Hound’s Pool, Deancombe
A Black Dog story is attached to a pool near Deancombe, and James Mackinley in his ‘Folklore of Scottish Lochs and Springs’ (1893) referred to the hound as its guardian, doomed to haunt there until the pool could be emptied by a nutshell with a hole in it. The following earlier and fuller account of the tale appeared in Notes and Queries, Number 61 (28 December 1850):
In the parish of Dean Prior is a narrow wooded valley, watered by a streamlet, that in two or three places falls into cascades of considerable beauty. At the foot of one of these is a deep hollow called the Hound’s Pool. Its story is as follows.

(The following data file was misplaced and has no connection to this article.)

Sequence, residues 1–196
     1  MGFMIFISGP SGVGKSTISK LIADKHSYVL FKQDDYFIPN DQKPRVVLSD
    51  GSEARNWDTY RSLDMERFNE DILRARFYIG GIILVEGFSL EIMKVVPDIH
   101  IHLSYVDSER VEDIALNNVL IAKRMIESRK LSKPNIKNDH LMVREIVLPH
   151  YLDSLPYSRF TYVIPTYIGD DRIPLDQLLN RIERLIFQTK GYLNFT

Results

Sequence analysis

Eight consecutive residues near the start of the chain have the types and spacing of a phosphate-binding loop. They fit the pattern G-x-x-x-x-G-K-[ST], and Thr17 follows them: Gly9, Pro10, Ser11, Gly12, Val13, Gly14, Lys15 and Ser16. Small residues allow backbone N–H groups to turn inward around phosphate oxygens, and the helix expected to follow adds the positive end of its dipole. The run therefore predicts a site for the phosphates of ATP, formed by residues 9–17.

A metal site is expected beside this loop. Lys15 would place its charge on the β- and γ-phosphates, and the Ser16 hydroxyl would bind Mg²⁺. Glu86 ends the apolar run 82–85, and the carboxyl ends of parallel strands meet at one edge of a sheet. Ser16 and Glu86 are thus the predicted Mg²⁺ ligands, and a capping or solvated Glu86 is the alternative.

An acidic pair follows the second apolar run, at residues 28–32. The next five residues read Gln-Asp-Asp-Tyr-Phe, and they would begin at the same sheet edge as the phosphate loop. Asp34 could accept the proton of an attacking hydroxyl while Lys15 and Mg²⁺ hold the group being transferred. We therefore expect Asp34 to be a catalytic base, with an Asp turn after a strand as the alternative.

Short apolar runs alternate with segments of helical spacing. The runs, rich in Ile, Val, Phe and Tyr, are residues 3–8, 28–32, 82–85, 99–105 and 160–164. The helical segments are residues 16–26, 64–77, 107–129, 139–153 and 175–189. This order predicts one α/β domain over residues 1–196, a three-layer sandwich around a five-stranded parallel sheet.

There once lived in the hamlet of Dean Combe a weaver of great fame and skill. After long prosperity he died, and was buried. But the next day he appeared sitting at the loom in his chamber, working diligently as when he was alive. His sons applied to the parson, who went accordingly to the foot of the stairs, and heard the noise of the weaver’s shuttle in the room above. “Knowles!” he said, “come down; this is no place for thee.” “I will,” said the weaver, “as soon as I have worked out my quill,” (the “quill” is the shuttle full of wool). “Nay,” said the vicar, “thou hast been long enough at thy work; come down at once!”–So when the spirit came down, the vicar took a handful of earth from the churchyard, and threw it in its face. And in a moment it became a black hound. “Follow me,” said the vicar; and it followed him to the gate of the wood. And when they came there, it seemed as if all the trees in the wood were “coming together,” so great was the wind. Then the vicar took a nutshell with a hole in it, and led the hound to the pool below the waterfall. “Take this shell,” he said; “and when thou shalt have dipped out the pool with it, thou mayst rest–not before.” And at mid-day, or at midnight, the hound may still be seen at its work.